The Baker Hughes US oil rig count – a proxy for health and optimism in the overall upstream sector – has just reached a 31-month high to 1067 rigs, though nowhere near the all-time high of 1609 back in July 2014. This recent development is not surprising; crude prices have been trending upwards and reached a new 24-month peak last week as well.
Looking at the breakout data, it is possible that some of the gains could be from re-started sites shut down in the wake of Hurricane Michael bypassing the Gulf Coast, but the main additions are still coming from onshore Texas. The home to the mammoth Permian and the Eagle Ford shale basins, the Permian alone has 490 active oil and gas rigs. While infrastructural bottlenecks – mainly restrained pipeline capacity – have caused drilling activities to slow down since June, there are still gains to be made. Meanwhile, the lower prices caused by shale liquids being trapped in the Permian has led drillers to look elsewhere, where prices are stronger and infrastructure less clogged up – including re-looking at the Bakken and promising areas like Austin Chalk and Niobrabra. Recent auctions have seen record-high prices for acreage in Louisiana and Alabama; even in the Permian, interest remains high, with a recent sale in the New Mexican side of the basin setting a new record of more than double the previous high.
This could be key to navigating the coming global supply crunch, triggered by new American sanctions on Iran, and exacerbated by continuing problems in key OPEC producers such as Venezuela and Libya. Although Russia has raised its production and Saudi Arabia has pledged to fill the hole that Iranian crude will be leaving, the assassination of Jamal Khashoggi places the Kingdom in a position of belligerence with the rest of the world. So the US may find itself in a position to have to provide extra volumes on its own – which may be why active rigs have been increasing, and new areas being sought. There is a bit of a spanner in the works, though. The trade spat between the USA and China has led Chinese importers to slam the brakes on importing US crude, even though American crude is not yet on the list of products tariffed by China. LNG and even NGLs – propane and ethane imported to produce petrochemicals – have also seen significant slowdown.
How high can the American rig count get? If prices continue to march up – and there are many that believe the US$100/b mark will be reached soon – then the number of oil rigs drilling in the US could rise past 1200 again. But to reach the dizzying heights above 1500, which was the average over most of 2014, is unlikely. Not because there are lesser volumes of liquid underground – although studies are now showing that the decline rate in mature shale fields is alarmingly high – but because of consolidation. From a collection of many, many small players in the early 2010s, the shale landscape now is consolidating into a collection of medium and large players, with behemoths like ExxonMobil, Chevron and BP also muscling in. A rising tide of crude prices is lifting American drilling activity, but the magnitude of gains in 2018 will be different – due to a combination of infrastructure bottlenecks, fragile geopolitics and sector structural changes.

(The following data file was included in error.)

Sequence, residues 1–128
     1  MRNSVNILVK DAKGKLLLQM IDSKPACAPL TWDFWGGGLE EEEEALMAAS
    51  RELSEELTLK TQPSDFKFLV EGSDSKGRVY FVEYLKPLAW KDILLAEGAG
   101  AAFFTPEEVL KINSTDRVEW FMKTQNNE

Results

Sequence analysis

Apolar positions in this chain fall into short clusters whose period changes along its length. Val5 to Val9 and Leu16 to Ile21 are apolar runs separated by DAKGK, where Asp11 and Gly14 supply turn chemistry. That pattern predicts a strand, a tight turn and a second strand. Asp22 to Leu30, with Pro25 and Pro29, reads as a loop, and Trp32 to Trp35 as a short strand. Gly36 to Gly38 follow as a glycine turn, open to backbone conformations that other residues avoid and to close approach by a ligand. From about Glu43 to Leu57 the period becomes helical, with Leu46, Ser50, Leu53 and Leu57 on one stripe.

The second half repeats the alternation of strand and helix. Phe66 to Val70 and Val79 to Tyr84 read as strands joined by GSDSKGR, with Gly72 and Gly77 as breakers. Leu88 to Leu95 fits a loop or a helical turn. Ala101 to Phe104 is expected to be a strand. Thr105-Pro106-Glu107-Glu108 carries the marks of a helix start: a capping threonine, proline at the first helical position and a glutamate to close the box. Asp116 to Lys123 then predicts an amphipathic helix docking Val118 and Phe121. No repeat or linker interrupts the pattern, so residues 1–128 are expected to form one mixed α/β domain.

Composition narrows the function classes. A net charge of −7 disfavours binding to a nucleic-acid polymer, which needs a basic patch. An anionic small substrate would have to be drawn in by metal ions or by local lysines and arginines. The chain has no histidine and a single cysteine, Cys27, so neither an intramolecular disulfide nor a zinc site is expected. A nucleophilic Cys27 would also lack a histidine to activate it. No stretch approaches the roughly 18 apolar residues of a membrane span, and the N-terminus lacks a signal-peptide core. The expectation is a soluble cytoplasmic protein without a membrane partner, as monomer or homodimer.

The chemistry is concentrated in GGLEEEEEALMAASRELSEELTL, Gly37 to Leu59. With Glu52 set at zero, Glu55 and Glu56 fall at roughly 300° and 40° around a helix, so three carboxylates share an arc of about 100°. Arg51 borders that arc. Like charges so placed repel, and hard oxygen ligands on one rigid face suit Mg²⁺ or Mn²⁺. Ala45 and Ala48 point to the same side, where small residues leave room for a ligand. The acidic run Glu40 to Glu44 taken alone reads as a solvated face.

The main danger is short memories – the zeal of cashing in on high oil prices is what caused the 2015 crash and high corporate debt, and the enthusiasm brewing in American shale again could lead to history repeating itself.
Baker Hughes US Active Rig Count:
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On 10 December 2021, if all goes to plan Royal Dutch Shell will become just Shell. The energy supermajor will move its headquarters from The Hague in The Netherlands to London, UK. At least three-quarters of the company’s shareholders must vote in favour of the change at the upcoming general meeting, which has been sold by Shell as a means of simplifying its corporate structure and better return value to shareholders, as well as be ‘better positioned to seize opportunities and play a leading role in the energy transition’. In doing so, it will no longer meet Dutch conditions for ‘royal’ designation, dropping a moniker that has defined the company through decades of evolution since 1907.
But why this and why now?
There is a complex web of reasons why, some internal and some external but the ultimate reason boils down to improving growth sustainability. Royal Dutch Shell was born through the merger of Shell Transport and Trading Company (based in the UK) and Royal Dutch (based in The Netherlands) in 1907, with both companies engaging in exploration activities ranging from seashells to crude oil. Unified across international borders, Royal Dutch Shell emerged as Europe’s answer to John D Rockefeller’s Standard Oil empire, as the race to exploit oil (and later natural gas) reserves spilled out over the world. Along the way, Royal Dutch Shell chalked up a number of achievements including establishing the iconic Brent field in the North Sea to striking the first commercial oil in Nigeria. Unlike Standard Oil which was dissolved into 34 smaller companies in 1911, Royal Dutch Shell remained intact, operating as two entities until 2005, when they were finally combined in a dual-nationality structure: incorporated in the UK, but residing in the Netherlands. This managed to satisfy the national claims both countries make on the supermajor, second only to ExxonMobil in revenue and profits but proved to be costly to maintain. In 2020, fellow Anglo-Dutch conglomerate Unilever also ditched its dual structure, opting to be based fully out of the City of London. In that sense, Shell is following the direction of the wind, as forces in its (soon to be former) home country turn sour.